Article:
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Rise of the New York Skyscraper: 1865-1913 Paperback – 1996


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Product Details

  • Paperback: 496 pages
  • Publisher: Yale University Press (1996)
  • Language: English
  • ISBN-10: 0300077394
  • ISBN-13: 978-0300077391
  • Product Dimensions: 11.2 x 7.6 x 0.9 inches
  • Shipping Weight: 2.8 pounds
  • Average Customer Review: 3.8 out of 5 stars  See all reviews (4 customer reviews)
  • Amazon Best Sellers Rank: #998,154 in Books (See Top 100 in Books)

Editorial Reviews

Amazon.com Review

A confluence of technology (the elevator), social change (the increase in the number of office workers), and geology (a downtown limited in area by surrounding water) transformed New York City from an expanse of low buildings to a forest of skyscrapers. Landau, an art history professor at New York University, and Condit, a professor emeritus of art history at Northwestern, explore the development of the skyscraper from the 1868 Equitable Building, the first to use elevators for people rather than freight, to the Woolworth Building, which was called the "Cathedral of Commerce" and for which President Woodrow Wilson traveled to New York to activate the building's lights during its grand opening. --This text refers to an out of print or unavailable edition of this title.

From Publishers Weekly

"Before us is spread the most exciting, wonderful and instructive view to be had on our continent.... Certainly not elsewhere in all New York can such an unobstructed bird's-eye view be had." The New York Sun was not referring to the World Trade Center but, in 1869, to the newly built eight-story Equitable Building, the tallest commercial building of its time. It is also one of the first skyscrapers covered in this scholarly work. The raw energy and burgeoning commerce of New York in the late 19th century, the tremendous egos and avaricious appetites of the CEOs and speculators that gave rise to these monuments, along with the political and public controversy surrounding them, give this book both meat and spice. Chronicling building construction from the pre-skyscraper days of the 1860s, through the extraordinary growth period of the 1890s, it culminates with the Woolworth building and, coming full circle, with the "new" Equitable building, completed in 1915. The most fascinating details concern the unprecedented feats of engineering. The invention of the elevator, the complex foundations needed for such heavy structures, the evolution of fireproofing, the development of iron and steel structures (which lightened masonry loads and radically diminished the wall dimensions needed to support such great heights), combined with the architect's and entrepreneur's vision to make skyscrapers possible. Extensively illustrated with 206 photographs, this is a delight to read. Despite it's size it would have also been useful for walking tours, had it included a quick reference to remaining sites.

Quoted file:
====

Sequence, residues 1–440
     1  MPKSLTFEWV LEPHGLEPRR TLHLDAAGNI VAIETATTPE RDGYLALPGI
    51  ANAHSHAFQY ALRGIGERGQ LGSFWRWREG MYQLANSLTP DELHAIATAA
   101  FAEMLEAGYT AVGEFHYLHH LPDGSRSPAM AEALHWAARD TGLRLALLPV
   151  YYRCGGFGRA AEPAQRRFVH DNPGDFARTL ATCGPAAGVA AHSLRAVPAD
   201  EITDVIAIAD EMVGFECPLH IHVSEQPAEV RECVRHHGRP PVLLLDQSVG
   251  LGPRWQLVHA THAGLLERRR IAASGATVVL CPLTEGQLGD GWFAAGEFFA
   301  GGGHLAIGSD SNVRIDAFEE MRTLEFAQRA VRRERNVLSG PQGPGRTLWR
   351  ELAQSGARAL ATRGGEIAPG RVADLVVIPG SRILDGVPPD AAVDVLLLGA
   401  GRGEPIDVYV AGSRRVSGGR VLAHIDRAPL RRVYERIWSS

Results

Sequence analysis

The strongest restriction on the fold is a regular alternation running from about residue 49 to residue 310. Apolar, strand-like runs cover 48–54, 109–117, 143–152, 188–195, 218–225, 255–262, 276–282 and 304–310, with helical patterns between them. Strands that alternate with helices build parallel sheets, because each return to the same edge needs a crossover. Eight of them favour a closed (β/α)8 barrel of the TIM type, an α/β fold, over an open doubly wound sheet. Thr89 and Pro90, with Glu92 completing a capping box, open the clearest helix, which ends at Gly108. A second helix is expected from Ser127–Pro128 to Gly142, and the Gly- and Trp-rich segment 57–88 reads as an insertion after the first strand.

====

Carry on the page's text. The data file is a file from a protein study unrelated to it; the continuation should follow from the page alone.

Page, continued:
Copyright 1996 Reed Business Information, Inc. --This text refers to an out of print or unavailable edition of this title.

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Customer Reviews